#BBCtrending: Lebanon's #notamartyr selfie protest

A black and white photo of a man holding up a sign which reads: "God, do something, I'm giving up on you #notamartyr #sadLebanon"
Image caption This is one of the most widely shared #notamartyr images
A man holding up a sign which says: "I don't want to be afraid to wander in my own country! #notamartyr"
Image caption Many in Lebanon don't feel safe after the recent attacks
A hand holding a note which reads: "I want to use whatsapp and wonder what my friends are up to... not check their last seen to see if they survived #notamartyr"
Image caption And many of the photos are on the theme of security
Four people holding up signs in front of their faces which read: "Each of us belongs to a religion but our friendship has no religion #notamartyr"
Image caption Others are trying to send a positive message. This one reads: "Each of us belongs to a religion but our friendship has no religion #notamartyr"

The death of a teenager in car bomb attack in Lebanon has prompted a "selfie protest" in the country under the hashtag #notamartyr.

Ten days ago, opposition politician Mohamad Chatah - tipped by some to be a possible future prime minister - was killed in a car bomb attack in Beirut. Four others were killed in the blast, including 16-year-old Mohammad Chaar who happened to be in the area with some friends.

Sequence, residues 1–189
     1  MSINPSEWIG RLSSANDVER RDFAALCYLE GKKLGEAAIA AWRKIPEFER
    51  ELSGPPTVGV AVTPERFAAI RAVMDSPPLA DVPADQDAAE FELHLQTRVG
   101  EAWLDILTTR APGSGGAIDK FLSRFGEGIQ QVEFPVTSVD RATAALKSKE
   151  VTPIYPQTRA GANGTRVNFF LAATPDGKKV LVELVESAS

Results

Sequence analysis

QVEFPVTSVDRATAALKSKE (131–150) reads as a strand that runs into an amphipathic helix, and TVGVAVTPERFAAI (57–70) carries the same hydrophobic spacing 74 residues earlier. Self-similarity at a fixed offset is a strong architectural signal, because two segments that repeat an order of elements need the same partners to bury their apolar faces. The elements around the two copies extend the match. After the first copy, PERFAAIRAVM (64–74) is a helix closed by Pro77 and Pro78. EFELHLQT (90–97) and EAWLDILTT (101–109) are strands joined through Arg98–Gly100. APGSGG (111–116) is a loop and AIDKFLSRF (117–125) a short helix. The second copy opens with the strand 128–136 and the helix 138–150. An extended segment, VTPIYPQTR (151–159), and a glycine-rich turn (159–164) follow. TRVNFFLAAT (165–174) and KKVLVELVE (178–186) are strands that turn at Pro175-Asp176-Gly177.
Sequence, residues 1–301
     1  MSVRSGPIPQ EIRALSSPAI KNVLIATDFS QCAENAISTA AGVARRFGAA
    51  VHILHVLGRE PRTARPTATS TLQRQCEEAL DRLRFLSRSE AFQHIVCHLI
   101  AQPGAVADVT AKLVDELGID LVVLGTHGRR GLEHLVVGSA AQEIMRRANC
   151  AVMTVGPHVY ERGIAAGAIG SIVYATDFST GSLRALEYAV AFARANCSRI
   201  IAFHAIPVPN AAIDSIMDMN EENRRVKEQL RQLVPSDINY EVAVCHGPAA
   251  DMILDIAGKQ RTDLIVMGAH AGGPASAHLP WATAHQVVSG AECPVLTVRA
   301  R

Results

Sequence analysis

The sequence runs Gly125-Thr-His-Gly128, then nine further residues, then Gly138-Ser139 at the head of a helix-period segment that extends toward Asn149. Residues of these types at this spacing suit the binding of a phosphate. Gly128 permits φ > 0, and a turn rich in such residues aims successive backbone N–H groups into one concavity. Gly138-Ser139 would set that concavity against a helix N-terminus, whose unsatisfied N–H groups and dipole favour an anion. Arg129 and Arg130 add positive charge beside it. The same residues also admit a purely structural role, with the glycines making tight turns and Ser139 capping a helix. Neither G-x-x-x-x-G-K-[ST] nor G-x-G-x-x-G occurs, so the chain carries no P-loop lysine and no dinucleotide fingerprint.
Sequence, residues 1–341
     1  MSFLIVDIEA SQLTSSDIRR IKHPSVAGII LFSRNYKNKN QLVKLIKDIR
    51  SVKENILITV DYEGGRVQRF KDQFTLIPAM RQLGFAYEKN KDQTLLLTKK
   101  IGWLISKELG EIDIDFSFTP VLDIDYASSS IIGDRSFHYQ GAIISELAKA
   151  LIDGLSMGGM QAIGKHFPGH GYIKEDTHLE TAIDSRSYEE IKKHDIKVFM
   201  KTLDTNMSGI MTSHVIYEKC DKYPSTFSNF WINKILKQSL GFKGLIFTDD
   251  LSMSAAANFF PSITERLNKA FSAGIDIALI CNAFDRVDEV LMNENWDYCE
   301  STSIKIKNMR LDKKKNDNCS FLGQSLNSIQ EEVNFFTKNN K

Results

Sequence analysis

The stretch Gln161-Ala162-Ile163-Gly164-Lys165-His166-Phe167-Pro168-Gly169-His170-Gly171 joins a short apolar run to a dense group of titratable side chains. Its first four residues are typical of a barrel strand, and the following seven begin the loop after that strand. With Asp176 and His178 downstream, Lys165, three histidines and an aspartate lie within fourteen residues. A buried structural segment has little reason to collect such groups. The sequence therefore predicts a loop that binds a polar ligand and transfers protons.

While mainstream media focussed on the politician's death, on social media the focus was instead on the way the teenager was being dubbed a "martyr" by some. Soon after the blast, a Not a Martyr Facebook page and Twitter account were set up and the hashtag #notamartyr began to trend. The Facebook page now has more than 5,500 likes.

The organisers of the campaign are encouraging people to post selfies of themselves, together with a simple message. Hundreds have now done so. Why a selfie? Because moments before the explosion Chaar and his friends took a group selfie on the street, unaware of what was about to happen. An image of that selfie - together with a photo of Chaar's blood-stained body, shot by a photographer just afterwards - was widely shared on social media in the country. There were thousands of #RIPMohammadChaar tweets and countless blog posts. One of them referred to the image as "the most tragic selfie of 2013".

"I kept thinking to myself this isn't martyrhood, this is murder," says 25-year-old blogger Dyala Badran who was among the first to start tweeting about the attack using the hashtag #notamartyr. "We are devastated by the senseless violence and wish to voice these feelings and ideas." Badran - and those behind the protest - argue that the word "martyr" is often misused in Lebanon to refer to people who are really innocent victims caught up in violence. Politicians use the word "martyr" as a way of politicising violence, dehumanising those who are killed, and side-stepping the need for investigation, say those behind the protest.

Many of the images, as you might expect, are about the security situation. But other issues are also being highlighted - including corruption and sectarianism. Organisers say it has struck a chord because Lebanese people feel helpless, and are desperate for an outlet to vent their feelings.

Reporting by Cordelia Hebblethwaite

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